NOAA offering resources, expertise to build disaster resilient communities
By KATE COIL
TML Communications Specialist
The National Oceanic and Atmospheric Administration (NOAA) is interested in connecting with and providing resources to local governments to help with climate resiliency and natural disaster planning.
Partnering with the U.S. Department of Commerce, NOAA held a webinar on Extreme Weather and Climate Preparedness with a focus on how NOAA resources and information can help communities build their own Impact-Based Decision Support Services (IDSS).
Dr. Rick Spinrad, undersecretary of commerce for NOAA, said the agency plays a major role in the lives of Americans when they check the weather for the day, plan an outing on the water, or use GPS services.
“We like for folks to think about NOAA about in terms of science, service, and stewardship,” he said. “We focus on everything from the surface of the sun to the bottom of the ocean, and span the nation to touch each of the communities you represent every second of every day. We play a critical role in the lives of Americans in terms of lives, livelihoods, and lifestyles... Our mission as we address challenges such as excessive and unprecedented heatwaves, more extended drought, more severe storms, rising sea levels, and flooding is what makes us more committed to creating what we call a climate ready nation.”
Billion-dollar disasters – natural disaster events where the recovery cost is at least a billion or higher – are at their highest rate in American history. Spinrad said 2020 was a record-breaking year with 22 billion-dollar disasters followed by 20 in 2021. With 15 billion-dollar disasters before October in 2022, the year is on track to make it into the top five years for disaster costs in American history. Since the 1980s, Spinrad said the amount of time America goes between billion-dollar disasters has dropped from 82 days to just 18 days.
“Remember, this is economic impact,” Spinrad said. “The information here is as much about how we want to build resilient communities as it is how weather and climate are behaving. When it’s in your community, it only takes one billion-dollar disaster to disrupt and devastate everything.”
Because of this, Spinrad said NOAA wants to improve impact-based decision support services (IDSS), which is the sharing of information and engagement with private and public partners to “get critical information in the hands of decision-makers so they can make decisions ahead of, during, and following extreme events.”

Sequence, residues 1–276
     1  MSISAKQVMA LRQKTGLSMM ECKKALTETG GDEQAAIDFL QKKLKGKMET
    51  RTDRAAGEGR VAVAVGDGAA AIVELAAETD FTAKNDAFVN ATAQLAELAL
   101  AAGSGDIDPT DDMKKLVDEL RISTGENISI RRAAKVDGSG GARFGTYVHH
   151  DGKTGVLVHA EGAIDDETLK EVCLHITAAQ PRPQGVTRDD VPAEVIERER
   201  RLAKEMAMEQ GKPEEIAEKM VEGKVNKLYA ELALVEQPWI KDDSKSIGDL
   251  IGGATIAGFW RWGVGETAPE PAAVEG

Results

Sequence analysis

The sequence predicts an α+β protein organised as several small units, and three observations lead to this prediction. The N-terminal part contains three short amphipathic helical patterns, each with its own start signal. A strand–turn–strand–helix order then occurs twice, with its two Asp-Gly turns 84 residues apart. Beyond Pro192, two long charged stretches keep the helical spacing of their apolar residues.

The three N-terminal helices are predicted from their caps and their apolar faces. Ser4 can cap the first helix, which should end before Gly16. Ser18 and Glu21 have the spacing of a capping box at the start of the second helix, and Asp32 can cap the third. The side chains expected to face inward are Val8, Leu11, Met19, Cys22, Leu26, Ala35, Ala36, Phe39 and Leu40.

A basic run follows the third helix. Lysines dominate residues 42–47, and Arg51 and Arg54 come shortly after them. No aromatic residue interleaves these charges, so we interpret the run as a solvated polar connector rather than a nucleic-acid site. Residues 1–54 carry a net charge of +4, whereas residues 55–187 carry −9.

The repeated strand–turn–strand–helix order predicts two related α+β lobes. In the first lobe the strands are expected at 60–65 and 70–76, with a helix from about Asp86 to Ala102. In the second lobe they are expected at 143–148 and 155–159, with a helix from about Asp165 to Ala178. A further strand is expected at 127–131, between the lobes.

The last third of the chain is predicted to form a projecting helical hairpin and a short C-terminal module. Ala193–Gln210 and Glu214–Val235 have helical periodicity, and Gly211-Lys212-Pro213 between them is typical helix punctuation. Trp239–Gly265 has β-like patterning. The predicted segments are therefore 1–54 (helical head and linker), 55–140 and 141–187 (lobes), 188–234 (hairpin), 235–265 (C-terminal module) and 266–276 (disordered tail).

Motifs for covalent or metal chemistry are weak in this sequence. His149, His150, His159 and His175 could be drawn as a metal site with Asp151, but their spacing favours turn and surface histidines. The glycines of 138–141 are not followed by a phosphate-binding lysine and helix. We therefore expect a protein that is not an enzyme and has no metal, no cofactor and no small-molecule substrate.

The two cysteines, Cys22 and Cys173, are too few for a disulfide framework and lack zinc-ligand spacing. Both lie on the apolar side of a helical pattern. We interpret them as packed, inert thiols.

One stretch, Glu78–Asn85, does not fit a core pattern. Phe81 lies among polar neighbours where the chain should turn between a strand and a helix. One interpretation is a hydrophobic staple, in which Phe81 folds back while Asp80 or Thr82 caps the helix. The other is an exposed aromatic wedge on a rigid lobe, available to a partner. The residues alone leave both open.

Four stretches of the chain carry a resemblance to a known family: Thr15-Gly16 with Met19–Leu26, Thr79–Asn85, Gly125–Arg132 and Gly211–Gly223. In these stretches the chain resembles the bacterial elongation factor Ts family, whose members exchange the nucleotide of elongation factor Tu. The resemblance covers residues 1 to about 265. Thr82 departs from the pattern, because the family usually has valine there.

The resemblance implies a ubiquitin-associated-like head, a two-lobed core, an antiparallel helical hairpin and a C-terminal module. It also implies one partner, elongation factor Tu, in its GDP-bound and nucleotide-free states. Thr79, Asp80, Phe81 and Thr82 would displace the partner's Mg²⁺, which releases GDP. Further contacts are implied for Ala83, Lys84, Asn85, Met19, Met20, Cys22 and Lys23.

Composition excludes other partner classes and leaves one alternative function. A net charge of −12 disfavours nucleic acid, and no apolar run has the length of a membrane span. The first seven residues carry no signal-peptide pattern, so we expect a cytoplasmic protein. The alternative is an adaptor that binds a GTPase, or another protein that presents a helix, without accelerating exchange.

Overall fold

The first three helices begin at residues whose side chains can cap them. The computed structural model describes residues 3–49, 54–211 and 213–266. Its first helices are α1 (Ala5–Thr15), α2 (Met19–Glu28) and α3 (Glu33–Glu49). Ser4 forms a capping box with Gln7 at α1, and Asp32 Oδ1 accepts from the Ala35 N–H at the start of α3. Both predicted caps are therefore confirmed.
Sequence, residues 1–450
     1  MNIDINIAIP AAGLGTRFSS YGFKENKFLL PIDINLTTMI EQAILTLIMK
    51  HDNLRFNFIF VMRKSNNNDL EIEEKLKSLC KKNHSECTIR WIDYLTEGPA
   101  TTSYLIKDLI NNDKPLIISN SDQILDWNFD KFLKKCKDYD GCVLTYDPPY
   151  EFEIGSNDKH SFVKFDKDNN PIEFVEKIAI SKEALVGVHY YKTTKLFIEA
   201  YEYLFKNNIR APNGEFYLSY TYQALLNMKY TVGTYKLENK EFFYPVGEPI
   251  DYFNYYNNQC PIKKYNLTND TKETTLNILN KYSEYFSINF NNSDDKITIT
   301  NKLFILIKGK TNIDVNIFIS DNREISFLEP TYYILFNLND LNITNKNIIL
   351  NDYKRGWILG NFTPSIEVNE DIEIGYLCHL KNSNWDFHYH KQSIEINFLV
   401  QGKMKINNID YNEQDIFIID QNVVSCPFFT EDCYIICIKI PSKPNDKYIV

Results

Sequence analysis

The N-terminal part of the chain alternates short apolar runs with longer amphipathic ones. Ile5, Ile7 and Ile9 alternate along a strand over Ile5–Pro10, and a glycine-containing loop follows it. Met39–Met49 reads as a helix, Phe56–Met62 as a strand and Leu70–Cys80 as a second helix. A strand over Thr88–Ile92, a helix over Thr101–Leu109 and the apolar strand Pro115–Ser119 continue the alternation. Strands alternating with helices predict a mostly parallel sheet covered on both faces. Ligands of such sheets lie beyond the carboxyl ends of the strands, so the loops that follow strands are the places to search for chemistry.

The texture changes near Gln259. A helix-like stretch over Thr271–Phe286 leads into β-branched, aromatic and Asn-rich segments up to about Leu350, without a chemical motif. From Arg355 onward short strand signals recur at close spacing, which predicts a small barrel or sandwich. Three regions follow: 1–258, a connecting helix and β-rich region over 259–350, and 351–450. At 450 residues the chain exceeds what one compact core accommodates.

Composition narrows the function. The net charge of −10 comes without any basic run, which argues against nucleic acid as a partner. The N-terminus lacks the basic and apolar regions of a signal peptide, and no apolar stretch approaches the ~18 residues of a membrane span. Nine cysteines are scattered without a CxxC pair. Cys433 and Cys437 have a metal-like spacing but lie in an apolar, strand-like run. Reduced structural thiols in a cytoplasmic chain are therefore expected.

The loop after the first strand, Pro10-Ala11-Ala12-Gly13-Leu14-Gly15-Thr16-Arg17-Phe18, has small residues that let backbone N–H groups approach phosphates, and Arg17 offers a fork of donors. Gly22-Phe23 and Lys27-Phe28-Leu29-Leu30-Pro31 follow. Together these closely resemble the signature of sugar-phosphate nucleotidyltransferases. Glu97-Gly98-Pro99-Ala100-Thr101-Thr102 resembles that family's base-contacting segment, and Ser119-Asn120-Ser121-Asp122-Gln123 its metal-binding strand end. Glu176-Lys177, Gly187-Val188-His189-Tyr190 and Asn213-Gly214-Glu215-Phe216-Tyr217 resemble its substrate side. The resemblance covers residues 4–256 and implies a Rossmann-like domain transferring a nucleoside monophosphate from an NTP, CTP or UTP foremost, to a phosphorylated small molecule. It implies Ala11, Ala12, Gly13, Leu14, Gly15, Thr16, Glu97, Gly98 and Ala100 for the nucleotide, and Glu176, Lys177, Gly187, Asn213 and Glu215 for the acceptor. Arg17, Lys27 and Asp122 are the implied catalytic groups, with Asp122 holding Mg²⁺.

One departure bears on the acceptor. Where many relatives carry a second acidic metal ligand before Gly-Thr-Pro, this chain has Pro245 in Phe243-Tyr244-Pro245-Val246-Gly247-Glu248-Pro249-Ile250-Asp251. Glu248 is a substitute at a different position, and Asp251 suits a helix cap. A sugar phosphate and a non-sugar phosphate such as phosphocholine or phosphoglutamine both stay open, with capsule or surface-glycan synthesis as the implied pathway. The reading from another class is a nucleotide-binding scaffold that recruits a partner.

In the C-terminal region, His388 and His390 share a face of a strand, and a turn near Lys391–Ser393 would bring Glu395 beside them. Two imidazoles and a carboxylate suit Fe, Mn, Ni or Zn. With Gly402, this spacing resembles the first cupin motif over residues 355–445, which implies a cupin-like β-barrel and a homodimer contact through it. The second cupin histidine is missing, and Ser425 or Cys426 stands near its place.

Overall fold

Ken Graham, assistant director for weather services and director of the National Weather Service, said NOAA officials are often deployed to emergency management centers for the purpose of providing IDSS.
“So often in these cases, we have NOAA employees like meteorologists and hydrologists employed to local emergency management centers, helping with those tough decisions like when to evacuate, where you place resources, what shelters to open,” Graham said. “Really tough decisions are made during these events, and IDSS is all about being there to provide the science to those impacts and provide the risk assessment needed to make those tough decisions in the heat of the battle.”
While most know about the IDSS services provided by the National Weather Service, Spinrad said NOAA is actually behind a wide variety of support services that can help decision makers do what is best for their communities beyond natural disaster events like floods and tornadoes.
Spinrad said NOAA provides a wide variety of information and resources to help with everything from helping elderly and disadvantaged communities during heat waves to helping farmers with drought management and providing GIS data to determining if events like outdoor concerts, festivals, and fairs can go ahead despite weather forecasts.
“Our decision-support services include getting people and places the things they need to understand their vulnerability,” he said. “We provide emergency response support for things like responding to oil spills. Our research work provides a very broad range of support that provides a fundamental basis and contributes to directly improving these decision-support services. It has helped us build things like heat.gov, which is the premiere source for heat and health information aimed at reducing the health, economic, and infrastructure impacts of extreme heat. Our climate resistance toolkit is one of the new products we are building that helps people find the tools they need to make climate-based decisions.”
In the past NOAA has tried to offer a one-size-fits-all approach to the services it provides, but Spinrad said the agency has realized that not all communities are in a position to take advantage of its services.